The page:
It has been over six years since President Obama signed The Patient Protection and (un!!)Affordable Care Act. The effects of Obamacare on the nation are coming to fruition, and they prove that the lofty attempt by liberal America to wrest more control of the healthcare industry away from the private sector is bad public policy.
Take your pick of the promises made by the Obama/Pelosi/Reid trifecta and let’s analyze how Obamacare is doing. We can do it with the help of Hudson Institute fellow, Jeffrey Anderson, who wrote an article in the Weekly Standard entitled “The Cost of Obamacare.”
First, President Obama promised that his healthcare law would insure more people. Kind of, but not exactly. Anderson explains:
“Most of the “newly insured”—about 60 percent—have merely been dumped into Medicaid. According to the Congressional Budget Office, Obamacare has added only 8 million people—just 2.5 percent of the U.S. population—to the private insurance rolls.”
Second, President Obama promised that his law would reign in runaway healthcare spending and save the taxpayer money that was being spent to provide care to the uninsured. How are we doing on that front? Well, it depends on who you ask. Anderson explains again:
“The CBO says that the Obamacare subsidies for private insurance will cost $43 billion this year alone. That’s an average of $5,375 per person for those who have been added to the private insurance rolls—or $21,500 per family of four. Meanwhile, the typical 36-year-old (or younger) who makes $36,000 a year (or more) gets $0 under Obamacare. Such everyday Americans instead get to help finance that $5,375-per-person cost for those who get private insurance under Obamacare, while facing far higher premiums and significantly narrower doctor networks themselves.”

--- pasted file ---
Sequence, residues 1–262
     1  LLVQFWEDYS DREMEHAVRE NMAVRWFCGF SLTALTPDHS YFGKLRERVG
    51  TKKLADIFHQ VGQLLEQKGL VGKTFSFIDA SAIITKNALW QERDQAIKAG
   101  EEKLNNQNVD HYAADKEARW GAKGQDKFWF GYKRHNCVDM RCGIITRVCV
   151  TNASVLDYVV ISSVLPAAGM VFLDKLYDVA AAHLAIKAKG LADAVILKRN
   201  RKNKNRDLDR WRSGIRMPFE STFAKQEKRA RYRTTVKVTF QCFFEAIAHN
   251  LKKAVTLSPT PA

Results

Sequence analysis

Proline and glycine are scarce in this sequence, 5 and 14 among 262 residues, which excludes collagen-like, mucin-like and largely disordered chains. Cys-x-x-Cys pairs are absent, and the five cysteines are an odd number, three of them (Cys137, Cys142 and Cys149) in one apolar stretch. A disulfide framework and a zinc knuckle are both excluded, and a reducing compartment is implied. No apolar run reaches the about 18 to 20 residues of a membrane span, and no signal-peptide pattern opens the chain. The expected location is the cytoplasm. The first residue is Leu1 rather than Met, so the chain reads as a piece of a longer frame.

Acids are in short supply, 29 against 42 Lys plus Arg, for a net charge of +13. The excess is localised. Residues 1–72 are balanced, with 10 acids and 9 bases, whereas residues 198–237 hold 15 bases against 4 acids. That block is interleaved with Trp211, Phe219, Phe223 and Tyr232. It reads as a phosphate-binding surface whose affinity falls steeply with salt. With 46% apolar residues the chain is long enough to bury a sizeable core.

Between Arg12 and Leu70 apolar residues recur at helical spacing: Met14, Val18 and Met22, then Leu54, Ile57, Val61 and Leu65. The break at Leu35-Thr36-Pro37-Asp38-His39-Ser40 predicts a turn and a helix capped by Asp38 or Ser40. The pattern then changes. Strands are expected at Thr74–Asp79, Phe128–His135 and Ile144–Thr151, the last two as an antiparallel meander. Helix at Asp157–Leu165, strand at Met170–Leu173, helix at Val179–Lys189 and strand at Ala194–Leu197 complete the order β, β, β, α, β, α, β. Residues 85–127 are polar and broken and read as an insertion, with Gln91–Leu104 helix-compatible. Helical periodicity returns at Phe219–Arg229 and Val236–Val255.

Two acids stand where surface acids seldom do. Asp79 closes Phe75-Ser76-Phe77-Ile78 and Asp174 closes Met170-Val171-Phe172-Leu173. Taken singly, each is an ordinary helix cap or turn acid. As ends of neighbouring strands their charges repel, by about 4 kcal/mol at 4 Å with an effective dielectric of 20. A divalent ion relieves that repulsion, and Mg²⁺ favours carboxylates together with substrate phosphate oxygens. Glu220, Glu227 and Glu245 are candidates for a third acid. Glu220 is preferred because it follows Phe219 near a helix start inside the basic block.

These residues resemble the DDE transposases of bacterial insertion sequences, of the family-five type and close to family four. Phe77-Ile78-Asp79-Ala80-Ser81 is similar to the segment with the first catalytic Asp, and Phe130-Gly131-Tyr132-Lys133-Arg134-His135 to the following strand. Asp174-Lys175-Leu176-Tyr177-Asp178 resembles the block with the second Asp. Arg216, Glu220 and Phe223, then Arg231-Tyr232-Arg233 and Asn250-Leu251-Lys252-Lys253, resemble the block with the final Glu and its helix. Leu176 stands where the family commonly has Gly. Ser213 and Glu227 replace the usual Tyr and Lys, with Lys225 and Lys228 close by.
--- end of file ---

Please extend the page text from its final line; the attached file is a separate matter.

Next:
“As for those who Obamacare has newly enrolled in Medicaid, they are costing taxpayers even more—an average of $5,692 per person for this year alone ($74 billion divided by 13 million new enrollees).”
Finally, President Obama promised that this would be one step in “fundamentally transforming America.” On this aspect, President Obama has kept his promise wholeheartedly. He upended one-sixth of the American economy to cover around 16 million people, a far cry from universal coverage. Before Obamacare became law there were 47 million uninsured Americans. The math does not add up, so it looks like we have more work to do.
Obamacare is only six years old, but it has already done decades of damage. Instead of more government intrusion into an already complicated industry, America and South Carolina need patient-driven solutions to cure what ails our healthcare industry.
Only Congress can rid us of Obamacare and return dollars and decisions back to states. To date, South Carolina has rejected the fiscal disaster of Medicaid expansion, but there are many different steps we can take to help more South Carolinians gain access to affordable, quality care…and we’re working on them! Ideas like expanding telemedicine, Volunteer Care, and Right to Try are just a few patient-empowering options on the menu of ideas to provide better, cheaper, more effective healthcare. Listen up Washington!